Mr. Brazier: My hon. Friend makes a powerful point. If determinations are confined to, for example, obtaining a place on the national register, the prospective parents who are being turned away now would be no further forward. It is essential that the procedure apply to at least some matchings and allow parents to appeal where a child is not to be allocated to anyone else and the outcome would be that the child would remain in care. It is important that the appeals procedure should cover such cases, as my hon. Friend's clause does.

Mrs. Spelman: My hon. Friend makes a good point. He has a great deal of experience of dealing with adoption--far more than me. He describes one of the failings of the present system, which we must address urgently. I want to go even further in my clause on appeals, to an appeals system that deals with what I call the eternal triangle. The three sides of the triangle are the birth family, the child and the adopters. The Government Bill would not deal with all three sides of the triangle. We all know from talking to adoptees, adopters and birth

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families that feelings run high about the present system. They feel that there is no adequate complaints procedure to deal with their grievances.

At present, each local authority is required to offer its own complaints system, which usually consists of three or four levels, all of which are run by the local authority against which the complaint is made. At level 2, the procedure must include an independent person, but that person is interviewed, recruited and appointed by the local authority. How independent is that person? It is not hard to see that all too often the local authority is found not guilty of the misconduct of which the complainant accuses it. Those who complain feel that the system is insufficiently independent. Adoptive parents are forced to complain to the director of social services whose department they are complaining about.

A lack of independence is a common feature of complaints procedures for public services that do not work well. All too often, individuals who have a complaint feel that professionals close ranks and that they cannot have their case heard objectively and independently. That is reflected in the social services inspectorate survey, which found that 52 per cent. of complainants were dissatisfied with the outcome of the complaints procedure. That is a poor result. Many complained that they had no one to turn to after the procedure was complete.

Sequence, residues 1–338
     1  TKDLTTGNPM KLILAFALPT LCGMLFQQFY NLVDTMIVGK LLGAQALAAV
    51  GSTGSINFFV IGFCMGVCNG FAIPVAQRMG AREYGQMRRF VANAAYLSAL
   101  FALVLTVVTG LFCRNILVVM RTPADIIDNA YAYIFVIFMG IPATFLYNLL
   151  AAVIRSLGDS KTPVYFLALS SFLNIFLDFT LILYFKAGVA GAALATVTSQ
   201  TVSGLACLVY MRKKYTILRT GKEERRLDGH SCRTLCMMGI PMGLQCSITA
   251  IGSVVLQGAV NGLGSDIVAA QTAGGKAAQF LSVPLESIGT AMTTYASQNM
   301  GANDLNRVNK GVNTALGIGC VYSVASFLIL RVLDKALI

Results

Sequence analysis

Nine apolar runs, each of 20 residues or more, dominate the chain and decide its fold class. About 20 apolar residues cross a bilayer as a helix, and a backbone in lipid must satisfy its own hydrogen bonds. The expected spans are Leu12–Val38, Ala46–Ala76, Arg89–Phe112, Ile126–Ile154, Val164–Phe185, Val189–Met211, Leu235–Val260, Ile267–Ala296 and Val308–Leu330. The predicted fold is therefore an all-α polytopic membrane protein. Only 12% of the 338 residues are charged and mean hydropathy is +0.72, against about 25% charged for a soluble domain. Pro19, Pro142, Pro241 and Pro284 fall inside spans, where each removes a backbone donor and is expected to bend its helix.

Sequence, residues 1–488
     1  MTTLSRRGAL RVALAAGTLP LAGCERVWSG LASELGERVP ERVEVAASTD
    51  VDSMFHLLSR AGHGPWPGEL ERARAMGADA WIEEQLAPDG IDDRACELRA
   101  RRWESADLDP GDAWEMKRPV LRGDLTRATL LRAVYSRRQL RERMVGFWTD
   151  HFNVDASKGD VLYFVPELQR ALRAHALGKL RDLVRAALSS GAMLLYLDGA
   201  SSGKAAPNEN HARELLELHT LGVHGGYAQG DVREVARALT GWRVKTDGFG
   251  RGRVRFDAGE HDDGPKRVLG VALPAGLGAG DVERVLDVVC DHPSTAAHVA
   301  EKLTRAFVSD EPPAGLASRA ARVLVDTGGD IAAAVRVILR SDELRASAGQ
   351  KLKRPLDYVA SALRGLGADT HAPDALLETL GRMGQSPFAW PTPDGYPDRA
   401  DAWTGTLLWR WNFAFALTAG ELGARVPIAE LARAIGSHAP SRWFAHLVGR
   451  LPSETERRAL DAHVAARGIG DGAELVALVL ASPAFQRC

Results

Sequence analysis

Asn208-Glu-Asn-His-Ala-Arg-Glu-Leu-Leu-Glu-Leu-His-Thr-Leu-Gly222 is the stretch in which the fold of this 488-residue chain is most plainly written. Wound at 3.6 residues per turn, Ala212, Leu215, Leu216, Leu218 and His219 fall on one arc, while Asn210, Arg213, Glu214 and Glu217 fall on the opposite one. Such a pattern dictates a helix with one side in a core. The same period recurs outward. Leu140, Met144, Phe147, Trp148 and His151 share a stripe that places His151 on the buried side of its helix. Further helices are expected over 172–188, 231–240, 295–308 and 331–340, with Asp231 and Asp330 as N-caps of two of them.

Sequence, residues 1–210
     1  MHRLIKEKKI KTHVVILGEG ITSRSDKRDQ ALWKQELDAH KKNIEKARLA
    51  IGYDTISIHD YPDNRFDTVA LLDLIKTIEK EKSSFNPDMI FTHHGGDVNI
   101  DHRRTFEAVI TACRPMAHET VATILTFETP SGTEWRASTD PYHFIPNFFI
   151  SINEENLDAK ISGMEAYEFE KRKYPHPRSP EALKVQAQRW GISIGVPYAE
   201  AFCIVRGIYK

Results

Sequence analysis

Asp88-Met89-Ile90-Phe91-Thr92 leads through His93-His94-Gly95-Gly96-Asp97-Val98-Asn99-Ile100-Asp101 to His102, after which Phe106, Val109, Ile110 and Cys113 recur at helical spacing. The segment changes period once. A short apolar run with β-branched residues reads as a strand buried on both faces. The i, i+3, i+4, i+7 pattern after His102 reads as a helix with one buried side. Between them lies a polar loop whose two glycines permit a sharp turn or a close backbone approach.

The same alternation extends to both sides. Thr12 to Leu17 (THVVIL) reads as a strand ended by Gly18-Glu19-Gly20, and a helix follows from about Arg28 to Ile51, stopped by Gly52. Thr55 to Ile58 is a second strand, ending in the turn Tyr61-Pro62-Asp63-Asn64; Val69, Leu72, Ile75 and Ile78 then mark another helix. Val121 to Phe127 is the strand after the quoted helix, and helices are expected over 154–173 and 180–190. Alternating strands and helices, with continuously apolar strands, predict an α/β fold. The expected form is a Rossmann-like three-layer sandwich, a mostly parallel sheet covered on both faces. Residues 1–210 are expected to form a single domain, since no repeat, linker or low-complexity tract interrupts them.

It is necessary for each establishment to have a few people with unrestricted access to children in care whose purpose is to find out at the point of delivery whether proper care is being provided. I am trying to establish that independent element. I have suggested in clause 2 that we should have a proper ombudsystem for adoption. We have such a system for health, although it could be made to work better. There is a local government ombudsman, but as Members of Parliament know, since we often refer cases to him, only cases that meet the narrow criteria of maladministration can be referred to him. One often sits in one's surgery feeling that people have been dealt with badly and unjustly, but knowing that technically their case cannot be defined as maladministration. We know that they have little chance of justice or even an apology or recognition that something has gone wrong.

We are not yet a heavily litigious society like America, and I hope that we do not go that way. Often, people would be happy with a timely and sincere apology, but they rarely get one in respect of adoption. I would like to see a proper ombudsystem for all three sides of the triangle. I have suggested that at the top should be the Children's Commissioner for Wales and the equivalent children's rights director in England. I am sure that the House is aware that there is pressure from all sides for a children's commissioner for England, so that we have like for like. We are concerned as to whether a children's rights director has the same power and scope as a commissioner. To be at the top of the ombudsprocess would provide the independence that is so important.

I would like to create the opportunity for the child in the triangle to voice a complaint about the way in which they have been treated. At present, the child has no right to appeal against any decision made in the adoption process. My clause would enable the child to appeal through the guardian ad litem, who would have the discretion to filter out frivolous complaints. It is possible that a child, perhaps a truculent teenager, will make a complaint that it would not be a good use of time and

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resources to pursue. Guardians ad litem do a good job as children's advocates in the present system and are well able to make a balanced decision about whether a genuine complaint should be heard.

I am concerned that the role of the guardian ad litem is restricted in terms of their window of opportunity in the court process. I should like to see their role expanded so that they see the child through the system to a successful placement and permanence, and look out for the child's interests.